Wednesday, April 2, 2014

A**hole Robot

Have you seen our latest?

Check it out here.

FUN FACT: A**hole Robot's arms and legs have that cool retro bubble look thanks to BEADS! His basic armature is wire, and then shiny black beads were slid over the wires. Simple, but effective! Just like TNT!

Friday, January 4, 2013

Mad Lab Productions- Review of 2012

2012 was our first year, and much like bull riding, it was exciting and exhausting.

Unlike bull riding, no bulls were involved.

 As a small animation production company, we don't have a heap of admin or infrastructure, and that gives us the advantage of being pretty nimble and able to respond and react quickly to feedback, and to what we learn as we put stuff out. We can make essential decisions quickly, and that keeps things FUN, and exciting.

The flip side of that is, well- we don't have a heap of admin or infrastructure! That means all the heavy lifting, creatively and admin-wise, is done by the two idiots (wait, wrong word- geniuses) who head the company up, Geri and Chris. Thank goodness both guys possess incredible amounts of energy, passion, talent, and most importantly- good looks.

 We spent the year pursuing TWO things: service work for clients, and development of our own animated content, made entirely from within our company. This is a pretty classic pair of objectives for media production companies, so why should Mad Lab reinvent the wheel?

 In the realm of providing animation services, we found ourselves working with a fantastic client in Inhabit Media. This company has offices in Toronto and Iqaluit (which is in Nunavut, which is in Canada's far, FAR north). Inhabit Media focuses on telling stories of the north, with a focus on Inuit legends, myths, and tales. And so Inhabit and Mad Lab are working together to create a stop motion tale of childhood friendship, bravery, and child-eating ogres.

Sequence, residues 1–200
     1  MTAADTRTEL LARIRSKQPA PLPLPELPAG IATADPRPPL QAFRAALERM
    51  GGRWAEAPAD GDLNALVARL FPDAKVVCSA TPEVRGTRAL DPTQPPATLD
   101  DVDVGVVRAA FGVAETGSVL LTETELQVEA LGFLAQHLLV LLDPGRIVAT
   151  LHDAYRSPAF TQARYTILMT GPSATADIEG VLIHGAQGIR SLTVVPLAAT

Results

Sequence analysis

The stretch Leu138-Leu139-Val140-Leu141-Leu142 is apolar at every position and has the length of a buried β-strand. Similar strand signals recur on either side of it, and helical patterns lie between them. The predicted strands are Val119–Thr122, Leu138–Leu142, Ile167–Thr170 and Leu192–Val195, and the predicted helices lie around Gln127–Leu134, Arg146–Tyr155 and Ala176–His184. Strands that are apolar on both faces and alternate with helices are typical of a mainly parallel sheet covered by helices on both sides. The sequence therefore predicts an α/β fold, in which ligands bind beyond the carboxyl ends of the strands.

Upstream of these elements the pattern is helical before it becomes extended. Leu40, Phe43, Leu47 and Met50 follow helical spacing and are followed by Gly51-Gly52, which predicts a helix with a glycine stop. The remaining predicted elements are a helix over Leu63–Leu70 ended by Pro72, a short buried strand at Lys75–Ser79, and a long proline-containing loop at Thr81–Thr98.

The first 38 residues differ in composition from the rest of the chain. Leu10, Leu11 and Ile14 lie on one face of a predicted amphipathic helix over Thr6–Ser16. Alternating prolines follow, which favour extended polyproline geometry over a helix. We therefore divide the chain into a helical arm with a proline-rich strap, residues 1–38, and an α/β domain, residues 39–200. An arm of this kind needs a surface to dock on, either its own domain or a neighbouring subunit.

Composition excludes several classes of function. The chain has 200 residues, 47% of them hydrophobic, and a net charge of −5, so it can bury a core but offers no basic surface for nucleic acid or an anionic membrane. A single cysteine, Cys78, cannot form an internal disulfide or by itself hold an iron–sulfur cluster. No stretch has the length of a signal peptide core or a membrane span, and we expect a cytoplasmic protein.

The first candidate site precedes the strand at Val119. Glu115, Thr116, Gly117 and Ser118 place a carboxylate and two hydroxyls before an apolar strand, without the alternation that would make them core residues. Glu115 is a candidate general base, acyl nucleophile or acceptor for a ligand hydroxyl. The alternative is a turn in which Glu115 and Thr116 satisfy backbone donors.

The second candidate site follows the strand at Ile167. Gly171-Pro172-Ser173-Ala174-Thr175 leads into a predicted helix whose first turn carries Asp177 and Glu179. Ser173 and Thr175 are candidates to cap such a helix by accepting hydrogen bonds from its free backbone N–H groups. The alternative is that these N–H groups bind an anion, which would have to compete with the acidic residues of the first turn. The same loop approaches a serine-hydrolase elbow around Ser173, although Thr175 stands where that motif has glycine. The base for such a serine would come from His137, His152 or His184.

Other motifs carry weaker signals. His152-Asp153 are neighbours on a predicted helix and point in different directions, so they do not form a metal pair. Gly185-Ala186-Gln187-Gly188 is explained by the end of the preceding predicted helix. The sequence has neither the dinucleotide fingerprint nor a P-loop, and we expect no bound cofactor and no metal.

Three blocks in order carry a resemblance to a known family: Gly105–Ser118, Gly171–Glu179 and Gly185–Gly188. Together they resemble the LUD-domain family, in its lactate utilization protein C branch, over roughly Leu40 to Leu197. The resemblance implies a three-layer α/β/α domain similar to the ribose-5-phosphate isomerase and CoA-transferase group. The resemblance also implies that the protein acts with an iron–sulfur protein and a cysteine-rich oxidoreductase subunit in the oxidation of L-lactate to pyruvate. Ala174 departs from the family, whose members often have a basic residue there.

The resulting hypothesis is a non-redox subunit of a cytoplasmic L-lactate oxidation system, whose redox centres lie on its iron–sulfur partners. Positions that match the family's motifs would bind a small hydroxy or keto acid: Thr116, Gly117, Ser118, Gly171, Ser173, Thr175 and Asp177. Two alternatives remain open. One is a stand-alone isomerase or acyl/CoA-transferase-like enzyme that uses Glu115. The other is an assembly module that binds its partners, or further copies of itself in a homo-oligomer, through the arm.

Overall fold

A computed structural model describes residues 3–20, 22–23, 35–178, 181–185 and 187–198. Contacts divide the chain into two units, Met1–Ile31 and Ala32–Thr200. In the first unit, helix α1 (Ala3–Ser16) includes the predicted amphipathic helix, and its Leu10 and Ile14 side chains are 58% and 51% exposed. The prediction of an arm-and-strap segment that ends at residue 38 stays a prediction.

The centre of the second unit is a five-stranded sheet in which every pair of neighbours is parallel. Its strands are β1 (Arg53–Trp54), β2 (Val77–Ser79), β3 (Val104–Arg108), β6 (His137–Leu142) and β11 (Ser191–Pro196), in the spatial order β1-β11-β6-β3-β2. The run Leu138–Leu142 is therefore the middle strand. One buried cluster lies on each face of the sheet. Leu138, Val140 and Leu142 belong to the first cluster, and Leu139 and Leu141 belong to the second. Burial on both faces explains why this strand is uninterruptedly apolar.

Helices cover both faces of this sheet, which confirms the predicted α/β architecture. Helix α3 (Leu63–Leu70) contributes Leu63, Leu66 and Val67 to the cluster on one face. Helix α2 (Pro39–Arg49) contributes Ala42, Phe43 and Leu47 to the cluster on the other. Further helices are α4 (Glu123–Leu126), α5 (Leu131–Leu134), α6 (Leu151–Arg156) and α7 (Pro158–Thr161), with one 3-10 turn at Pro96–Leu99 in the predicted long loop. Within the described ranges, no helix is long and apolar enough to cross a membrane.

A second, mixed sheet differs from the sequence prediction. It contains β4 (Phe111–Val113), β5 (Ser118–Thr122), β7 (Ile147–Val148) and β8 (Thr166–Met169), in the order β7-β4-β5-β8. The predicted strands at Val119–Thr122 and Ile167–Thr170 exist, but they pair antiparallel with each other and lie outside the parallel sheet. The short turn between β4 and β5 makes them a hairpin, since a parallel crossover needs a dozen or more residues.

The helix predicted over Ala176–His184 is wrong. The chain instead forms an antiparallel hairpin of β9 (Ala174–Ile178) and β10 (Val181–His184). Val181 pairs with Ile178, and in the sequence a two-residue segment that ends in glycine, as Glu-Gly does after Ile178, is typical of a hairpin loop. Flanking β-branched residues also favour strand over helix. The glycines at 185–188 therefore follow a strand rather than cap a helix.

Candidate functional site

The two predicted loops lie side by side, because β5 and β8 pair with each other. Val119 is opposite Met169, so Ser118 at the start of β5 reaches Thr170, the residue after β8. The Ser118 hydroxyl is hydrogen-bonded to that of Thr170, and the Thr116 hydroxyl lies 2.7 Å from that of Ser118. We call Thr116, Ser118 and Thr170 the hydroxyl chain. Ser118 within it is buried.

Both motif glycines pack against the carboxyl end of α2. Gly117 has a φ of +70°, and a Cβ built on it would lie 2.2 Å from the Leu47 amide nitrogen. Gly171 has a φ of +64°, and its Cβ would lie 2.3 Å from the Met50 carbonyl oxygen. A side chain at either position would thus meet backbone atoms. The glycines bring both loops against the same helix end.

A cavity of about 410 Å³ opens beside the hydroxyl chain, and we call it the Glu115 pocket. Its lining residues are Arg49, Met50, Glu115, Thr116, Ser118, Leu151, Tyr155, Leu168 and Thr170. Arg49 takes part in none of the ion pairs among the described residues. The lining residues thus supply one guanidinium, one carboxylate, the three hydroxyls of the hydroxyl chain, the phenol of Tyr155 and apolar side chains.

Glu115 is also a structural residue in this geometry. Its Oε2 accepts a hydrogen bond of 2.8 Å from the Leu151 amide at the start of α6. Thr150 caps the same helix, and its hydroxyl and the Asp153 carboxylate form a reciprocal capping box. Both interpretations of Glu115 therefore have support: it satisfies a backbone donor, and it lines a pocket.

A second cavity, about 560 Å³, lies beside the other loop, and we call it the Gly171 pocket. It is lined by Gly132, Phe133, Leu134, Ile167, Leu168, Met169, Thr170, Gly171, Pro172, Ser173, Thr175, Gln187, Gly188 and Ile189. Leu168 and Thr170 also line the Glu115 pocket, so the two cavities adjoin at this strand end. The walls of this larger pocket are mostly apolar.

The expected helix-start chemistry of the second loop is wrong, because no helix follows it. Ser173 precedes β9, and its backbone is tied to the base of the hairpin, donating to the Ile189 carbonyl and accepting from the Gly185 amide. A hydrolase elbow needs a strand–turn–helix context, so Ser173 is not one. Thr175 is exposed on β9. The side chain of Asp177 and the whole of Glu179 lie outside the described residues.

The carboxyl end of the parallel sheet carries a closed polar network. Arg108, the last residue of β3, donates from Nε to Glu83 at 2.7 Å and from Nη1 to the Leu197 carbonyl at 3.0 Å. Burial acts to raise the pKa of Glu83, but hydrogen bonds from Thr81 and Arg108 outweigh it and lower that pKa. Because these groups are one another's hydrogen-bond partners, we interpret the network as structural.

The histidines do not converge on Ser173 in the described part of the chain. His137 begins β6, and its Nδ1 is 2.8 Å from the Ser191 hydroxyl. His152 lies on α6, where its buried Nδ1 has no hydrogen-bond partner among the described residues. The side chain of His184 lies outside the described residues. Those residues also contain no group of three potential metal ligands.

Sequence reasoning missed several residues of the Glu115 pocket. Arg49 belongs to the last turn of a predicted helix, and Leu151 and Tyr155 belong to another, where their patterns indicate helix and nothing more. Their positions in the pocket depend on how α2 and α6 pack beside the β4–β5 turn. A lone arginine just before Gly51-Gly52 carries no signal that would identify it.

The use of stop motion, with its tactile, physical quality, works wonderfully as a way to tell these tales that are honest, primal, and very, very magical.

The project is ongoing, with Mad Lab overseeing storyboards, puppet fabrication, sets, and animation, under the direction of Neil Christopher of Inhabit Media. We'll post more information about the project over time...  but it's looking wonderful so far, and is truly exciting and inspiring to work on.

Another client we worked with was the Burlington Animation Festival. We created their signal film that was shown around online and at the event itself. Here it is.

This little project was a great chance to do some NON- stop motion work, since the animation is drawn.  It went over with a big bang (pun certainly intended).

 As for our second objective, making our own content- we spent the year making MORE zombie shorts, which played in festivals like TAAFI (Toronto Animation Arts Festival International), we created  a mini-series using drawn animation called Vampire Instructionals, and we created a couple of  "secret projects"- these are short animated pieces that we're very proud of. We're planning to reveal these pieces over the course of 2013. Based on audience responses, these could be the projects we continue to pursue over time.

We'd like to thank a bunch of folks for their efforts in 2012, namely Noam Sussman, Peter Grecco, Phillip Stamp, Rich Duhaney, Pete Emslie, Ben McEvoy, Alex Gorelick, Nora Keely, Daniel Baker, Carla Veldman, Max Racz, Larry MacDougall, Patrick Sweeney and Amy Pagnotta from SPACE.  All these folks have websites/blogs, so look 'em up!

Thanks also to SPACE, Rue Morgue, Fangoria, Daily Dead, and Strange Kids Club, for the great coverage of our new business and our various projects.

 Extra special thanks to Jason "Thumbs" Burch for his work as our intern. He created fabulous stuff you'll see in 2013... and to Phil Postma for his continued (and amazing) Mad Lab-inspired artwork that can be seen via our Facebook page, and our Twitter feed.

Best and last thanks goes to our families. Without their support and love we'd still be lying on a couch just watching cartoons, instead of out in the world, MAKING 'em.

What does 2013 hold? Invasion by alien overlords? The rise of a bizarre superbug that will crush the human race beneath its feet? Perhaps a new album from Justin Bieber? We really can't say.. but regardless of how crazy the new year gets, we'll just keep making with the Mad Lab goodness...